- On May 2nd, 1519, exactly four hundred years ago, a tall Florentine with a grey beard and keen eyes, gave up the ghost in the Chateau Cloux, near Amboise, in the land of France. Tradition says that he died in the arms of the magnificent King who had wooed him to his court with rich gifts ; but it is the fashion to rule out tradition nowadays. It may be that the honour of closing Leonardo de Vinci's eyes was not vouchsafed to Francois Ier ; but the legend that he did so fits well them both, and has nothing incredible in it.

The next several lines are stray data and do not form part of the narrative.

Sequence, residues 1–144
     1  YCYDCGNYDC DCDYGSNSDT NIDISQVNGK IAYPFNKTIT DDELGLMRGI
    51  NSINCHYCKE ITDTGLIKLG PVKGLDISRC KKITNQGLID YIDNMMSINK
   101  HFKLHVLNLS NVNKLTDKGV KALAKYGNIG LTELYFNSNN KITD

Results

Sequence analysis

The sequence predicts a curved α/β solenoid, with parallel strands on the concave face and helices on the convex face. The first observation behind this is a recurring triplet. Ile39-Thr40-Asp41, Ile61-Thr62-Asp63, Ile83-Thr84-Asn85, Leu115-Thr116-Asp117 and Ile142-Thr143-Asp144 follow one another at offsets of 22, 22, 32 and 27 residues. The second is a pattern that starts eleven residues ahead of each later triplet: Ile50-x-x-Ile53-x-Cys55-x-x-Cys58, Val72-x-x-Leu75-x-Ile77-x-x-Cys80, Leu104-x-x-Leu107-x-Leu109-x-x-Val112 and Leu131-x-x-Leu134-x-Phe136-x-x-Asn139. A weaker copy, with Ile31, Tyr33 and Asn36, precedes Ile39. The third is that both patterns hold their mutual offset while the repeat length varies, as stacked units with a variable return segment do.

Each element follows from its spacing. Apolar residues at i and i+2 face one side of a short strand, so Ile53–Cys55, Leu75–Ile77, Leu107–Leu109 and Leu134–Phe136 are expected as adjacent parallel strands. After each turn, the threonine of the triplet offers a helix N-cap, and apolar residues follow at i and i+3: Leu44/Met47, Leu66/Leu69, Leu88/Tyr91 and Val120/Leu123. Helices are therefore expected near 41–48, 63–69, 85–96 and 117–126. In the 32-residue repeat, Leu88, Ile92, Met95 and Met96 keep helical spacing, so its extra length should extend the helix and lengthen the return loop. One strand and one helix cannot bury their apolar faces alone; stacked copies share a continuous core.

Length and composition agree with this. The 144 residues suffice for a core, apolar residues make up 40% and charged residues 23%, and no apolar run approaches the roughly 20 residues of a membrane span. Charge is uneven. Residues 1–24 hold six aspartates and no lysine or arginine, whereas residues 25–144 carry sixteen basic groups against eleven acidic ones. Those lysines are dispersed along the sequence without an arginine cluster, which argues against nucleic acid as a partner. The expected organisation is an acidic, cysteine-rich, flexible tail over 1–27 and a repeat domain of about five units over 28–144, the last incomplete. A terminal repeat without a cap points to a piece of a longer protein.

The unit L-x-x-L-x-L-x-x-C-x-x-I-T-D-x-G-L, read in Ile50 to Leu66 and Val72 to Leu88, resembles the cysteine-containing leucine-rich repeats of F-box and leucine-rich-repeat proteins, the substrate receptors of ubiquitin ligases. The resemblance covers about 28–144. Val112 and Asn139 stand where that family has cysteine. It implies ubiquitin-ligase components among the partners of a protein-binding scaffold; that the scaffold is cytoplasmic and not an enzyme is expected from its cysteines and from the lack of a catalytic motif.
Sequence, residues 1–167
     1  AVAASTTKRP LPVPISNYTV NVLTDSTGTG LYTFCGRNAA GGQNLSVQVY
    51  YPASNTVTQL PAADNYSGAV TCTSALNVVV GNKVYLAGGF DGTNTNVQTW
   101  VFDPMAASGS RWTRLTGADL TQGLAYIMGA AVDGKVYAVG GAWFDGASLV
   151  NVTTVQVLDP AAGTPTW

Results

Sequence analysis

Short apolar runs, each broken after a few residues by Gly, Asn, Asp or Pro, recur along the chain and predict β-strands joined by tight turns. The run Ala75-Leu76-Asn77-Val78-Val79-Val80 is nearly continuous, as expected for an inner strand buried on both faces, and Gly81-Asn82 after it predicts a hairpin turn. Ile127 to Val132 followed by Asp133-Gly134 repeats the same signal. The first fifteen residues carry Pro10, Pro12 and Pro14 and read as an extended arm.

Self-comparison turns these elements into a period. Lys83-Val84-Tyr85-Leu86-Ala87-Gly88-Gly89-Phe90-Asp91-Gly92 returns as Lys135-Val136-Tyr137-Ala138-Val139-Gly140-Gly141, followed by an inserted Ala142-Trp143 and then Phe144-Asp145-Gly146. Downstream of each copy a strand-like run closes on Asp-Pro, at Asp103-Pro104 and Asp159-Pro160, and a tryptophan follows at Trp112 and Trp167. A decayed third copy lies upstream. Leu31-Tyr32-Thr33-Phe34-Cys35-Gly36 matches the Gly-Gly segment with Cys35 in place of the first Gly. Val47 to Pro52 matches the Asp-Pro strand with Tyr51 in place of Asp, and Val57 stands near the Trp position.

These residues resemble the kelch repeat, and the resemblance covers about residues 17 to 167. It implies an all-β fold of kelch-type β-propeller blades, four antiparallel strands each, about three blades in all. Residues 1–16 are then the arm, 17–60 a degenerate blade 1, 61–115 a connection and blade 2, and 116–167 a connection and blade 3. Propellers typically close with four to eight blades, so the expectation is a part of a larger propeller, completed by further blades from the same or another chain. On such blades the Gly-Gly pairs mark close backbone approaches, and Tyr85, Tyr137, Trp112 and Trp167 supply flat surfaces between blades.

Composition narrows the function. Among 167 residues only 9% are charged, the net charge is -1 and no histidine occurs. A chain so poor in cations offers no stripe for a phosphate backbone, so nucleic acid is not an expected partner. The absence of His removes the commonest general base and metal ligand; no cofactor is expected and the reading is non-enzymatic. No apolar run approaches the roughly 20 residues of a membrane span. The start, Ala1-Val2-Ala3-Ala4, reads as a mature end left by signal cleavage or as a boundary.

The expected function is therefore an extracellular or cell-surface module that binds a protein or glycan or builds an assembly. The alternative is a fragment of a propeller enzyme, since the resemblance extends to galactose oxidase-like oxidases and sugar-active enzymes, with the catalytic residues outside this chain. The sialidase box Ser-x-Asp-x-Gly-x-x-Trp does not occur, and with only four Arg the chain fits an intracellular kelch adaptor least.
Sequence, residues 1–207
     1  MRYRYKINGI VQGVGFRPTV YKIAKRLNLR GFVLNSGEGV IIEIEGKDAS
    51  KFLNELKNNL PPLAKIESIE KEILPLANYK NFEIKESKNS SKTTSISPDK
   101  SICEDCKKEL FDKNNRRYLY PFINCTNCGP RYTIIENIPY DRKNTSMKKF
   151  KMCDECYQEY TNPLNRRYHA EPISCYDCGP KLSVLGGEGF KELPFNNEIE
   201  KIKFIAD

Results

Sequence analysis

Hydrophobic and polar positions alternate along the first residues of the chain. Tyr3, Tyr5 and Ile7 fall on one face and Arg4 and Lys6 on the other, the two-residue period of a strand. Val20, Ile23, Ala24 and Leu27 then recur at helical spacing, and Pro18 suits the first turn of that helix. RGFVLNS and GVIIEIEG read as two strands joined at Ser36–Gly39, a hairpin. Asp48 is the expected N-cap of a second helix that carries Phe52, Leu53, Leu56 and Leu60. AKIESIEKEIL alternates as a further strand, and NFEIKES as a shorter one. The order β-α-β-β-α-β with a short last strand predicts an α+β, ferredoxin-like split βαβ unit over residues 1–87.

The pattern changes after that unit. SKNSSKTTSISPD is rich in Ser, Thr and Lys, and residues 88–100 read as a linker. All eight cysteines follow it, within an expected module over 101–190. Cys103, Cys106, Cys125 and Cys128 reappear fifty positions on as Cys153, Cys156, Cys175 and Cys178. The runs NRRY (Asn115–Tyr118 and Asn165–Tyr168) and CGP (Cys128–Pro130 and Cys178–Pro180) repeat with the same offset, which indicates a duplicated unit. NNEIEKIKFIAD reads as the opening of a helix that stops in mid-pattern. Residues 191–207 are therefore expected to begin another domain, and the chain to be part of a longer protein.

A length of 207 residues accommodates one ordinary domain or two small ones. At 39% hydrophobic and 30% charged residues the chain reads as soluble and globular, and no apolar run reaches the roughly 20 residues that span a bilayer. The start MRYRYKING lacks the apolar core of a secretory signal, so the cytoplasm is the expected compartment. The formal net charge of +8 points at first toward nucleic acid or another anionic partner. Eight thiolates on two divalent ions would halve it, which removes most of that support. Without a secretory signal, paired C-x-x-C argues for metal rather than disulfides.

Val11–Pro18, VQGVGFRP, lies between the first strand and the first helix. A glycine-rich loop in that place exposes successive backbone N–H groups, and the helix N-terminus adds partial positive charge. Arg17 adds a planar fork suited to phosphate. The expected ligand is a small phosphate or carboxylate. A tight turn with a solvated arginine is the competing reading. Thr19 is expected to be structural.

The base-born son of a Toscan notary bestowed a greater honour than he receveid when he took up his abode at Cloux. Even the bepearled Valois had no illusions on that point. France had brought forth many superb Kings ; the whole world had produced only one Leonardo. We have not looked upon his like again, even now. To realize something of the greatness of this man, called by courtesy da Vinci, it is necessary to look at his gigantic figure against the perspective of the age in which he lived - an age which gave him scope for his restless enthusiasms, but which lies at his feet like a valley of formal gardens at the base of a stark mountain. He belonged to the Renaissance by virtue of a race and clime ; he was courted by magnificoes who sought all good and all perfection in the rediscovered philosophies of Plato ; but intellectually he was of the noble company of investigators, men to whom reality must of itself transcend imagination, to whom the concrete was ipso facto more excellent than the abstract, the tangible than the ideal. He was born man of science, endowed with analytical and inquiring brain of stupendous activity, with prodigious bodily strength and inexhaustible inental vigour, an artist only by the way, as Michaelangelo was a sonneteer ; yet it is as an artist that he is best kown to-day. It was as an architect, an engineer, and an inventor of engines of destruction, that he probably believed himself to excel ; and what he might have achieved it is difficult to determine, had he not been baulked and frustrated, as much by the super-abundance of his own powers as by the perversity of fate.